Ahmadinejad rival warns of Iran regime collapse
A defeated presidential candidate and a top dissident cleric have warned that Iran risks internal collapse from the deep political divisions sparked by last month’s bitterly-disputed election.world Updated: Jul 13, 2009 19:02 IST
A defeated presidential candidate and a top dissident cleric have warned that Iran risks internal collapse from the deep political divisions sparked by last month’s bitterly-disputed election.
Mohsen Rezai, a former head of the elite Revolutionary Guards who came third in the presidential election, appealed for unity in the face of a “plot to cause an internal collapse... and weaken Iran.”
President Mahmoud Ahmadinejad’s re-election in what his rivals branded a rigged election set off the biggest wave of massive public unrest since the 1979 revolution and rattled the very foundations of the Islamic regime.
“The continuation of this situation is taking us towards a collapse,” Rezai, who is secretary of the top arbitration body the Expediency Council, said in a message on his website on Sunday.
Top dissident cleric Grand Ayatollah Hossein Ali Montazeri issued a similar warning, saying a regime which cracks down on its people with clubs was “despicable” and could face the same demise as the ousted shah.
Rezai had initially joined in the opposition complaints to Iran’s electoral watchdog the Guardians Council over Ahmadinejad’s landslide election victory on June 12, but later withdrew his objections.
The other two defeated candidates, former prime minister Mir Hossein Mousavi and reformist ex-parliament speaker Mehdi Karroubi, continue to claim the election was rigged despite the Guardians Council endorsing the results.
Hundreds of thousands of Iranians took to the streets of Tehran and other cities in protest after the vote, prompting a brutal crackdown by security forces which used clubs and tear gas against demonstrators.
The authorities also arrested hundreds of reformists, journalists, political activists and protestors, shutting down opposition newspapers and disrupting telephone and Internet services.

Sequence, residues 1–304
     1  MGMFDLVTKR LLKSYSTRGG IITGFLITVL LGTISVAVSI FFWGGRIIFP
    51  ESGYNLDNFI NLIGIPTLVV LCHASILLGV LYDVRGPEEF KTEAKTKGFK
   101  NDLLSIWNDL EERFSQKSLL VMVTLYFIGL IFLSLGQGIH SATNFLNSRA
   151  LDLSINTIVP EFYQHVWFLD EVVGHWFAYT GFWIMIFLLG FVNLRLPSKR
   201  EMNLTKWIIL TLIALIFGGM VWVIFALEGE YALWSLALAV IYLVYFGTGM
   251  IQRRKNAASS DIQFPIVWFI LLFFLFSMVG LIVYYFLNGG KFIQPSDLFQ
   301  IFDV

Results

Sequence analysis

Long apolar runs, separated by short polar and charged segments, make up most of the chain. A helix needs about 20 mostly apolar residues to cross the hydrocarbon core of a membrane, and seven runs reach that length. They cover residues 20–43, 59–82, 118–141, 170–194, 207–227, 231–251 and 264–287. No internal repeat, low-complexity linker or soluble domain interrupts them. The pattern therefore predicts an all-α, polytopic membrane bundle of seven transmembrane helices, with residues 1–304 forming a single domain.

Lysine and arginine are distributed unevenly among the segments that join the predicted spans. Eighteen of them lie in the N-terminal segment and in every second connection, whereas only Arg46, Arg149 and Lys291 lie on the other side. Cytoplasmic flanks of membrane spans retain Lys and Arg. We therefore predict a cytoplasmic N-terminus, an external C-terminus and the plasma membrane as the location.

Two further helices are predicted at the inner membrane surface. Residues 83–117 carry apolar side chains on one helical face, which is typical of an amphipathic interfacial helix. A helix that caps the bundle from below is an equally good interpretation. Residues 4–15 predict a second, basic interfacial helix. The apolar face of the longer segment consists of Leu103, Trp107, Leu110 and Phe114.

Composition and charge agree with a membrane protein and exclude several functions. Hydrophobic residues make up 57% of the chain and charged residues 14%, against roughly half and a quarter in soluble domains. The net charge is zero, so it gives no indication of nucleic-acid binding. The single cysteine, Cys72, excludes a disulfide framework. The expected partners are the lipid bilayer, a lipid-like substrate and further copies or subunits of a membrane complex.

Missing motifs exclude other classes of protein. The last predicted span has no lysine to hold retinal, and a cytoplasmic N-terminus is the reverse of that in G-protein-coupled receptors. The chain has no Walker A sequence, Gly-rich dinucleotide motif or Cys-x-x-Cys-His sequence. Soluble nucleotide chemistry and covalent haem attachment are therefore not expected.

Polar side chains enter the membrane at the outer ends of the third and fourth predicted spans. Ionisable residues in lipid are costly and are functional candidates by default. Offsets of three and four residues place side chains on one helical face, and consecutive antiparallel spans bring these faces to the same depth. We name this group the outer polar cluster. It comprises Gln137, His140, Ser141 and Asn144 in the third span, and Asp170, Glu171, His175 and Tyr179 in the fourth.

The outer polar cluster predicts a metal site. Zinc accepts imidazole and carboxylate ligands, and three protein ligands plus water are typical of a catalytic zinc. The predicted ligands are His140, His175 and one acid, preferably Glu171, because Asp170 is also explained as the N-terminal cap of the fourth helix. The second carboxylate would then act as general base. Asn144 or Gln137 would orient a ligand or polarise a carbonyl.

At least 20 people were killed in the unrest and many more wounded, according to official figures.
Iran reacted to the global outrage by blaming the West, particularly Britain, for stoking the unrest and trying to destabilise the country. It continues to hold a local employee of the British embassy and a French lecturer in connection with the protests.
Rezai called for unity among all Iranian leaders and insisted that the defeated candidates and the hardline Ahmadinejad should “sit together” for the sake of the national interest.
“Those who made mistakes in the recent incidents must compensate, and those who were harmed should forgive,” said Rezai, who led the Revolutionary Guards for 16 years until 1997.
Montazeri, who was once tipped to succeed revolutionary leader Ayatollah Ruhollah Khomeini, warned that the regime could face the same fate as the US-backed shah who was toppled in 1979.
“The state belongs to the people.... When the shah heard the voice of the people’s revolution, it was already too late,” the elderly Montazeri said on the liberal website www.khandanha.eu.
“It is to be hoped that the people in charge now will not let themselves reach the same situation, but will become more amenable to the nation’s demands as soon as possible,” he said.
“A regime that uses clubs, oppression, aggression against (the people’s) rights, injustice, rigged elections, murder, arrests, and medieval or Stalin-era torture, that gags and censors the press, obstructs the media, imprisons intellectuals and elected leaders on false allegations or forced confessions... is despicable and has no religious merit.”
Montazeri, one of the main architects of the Islamic republic who fell from grace in the 1980s after he became too openly criticial of political and cultural restrictions, said the people had the right to remove those who remain in power by “force, fraud or forgery.”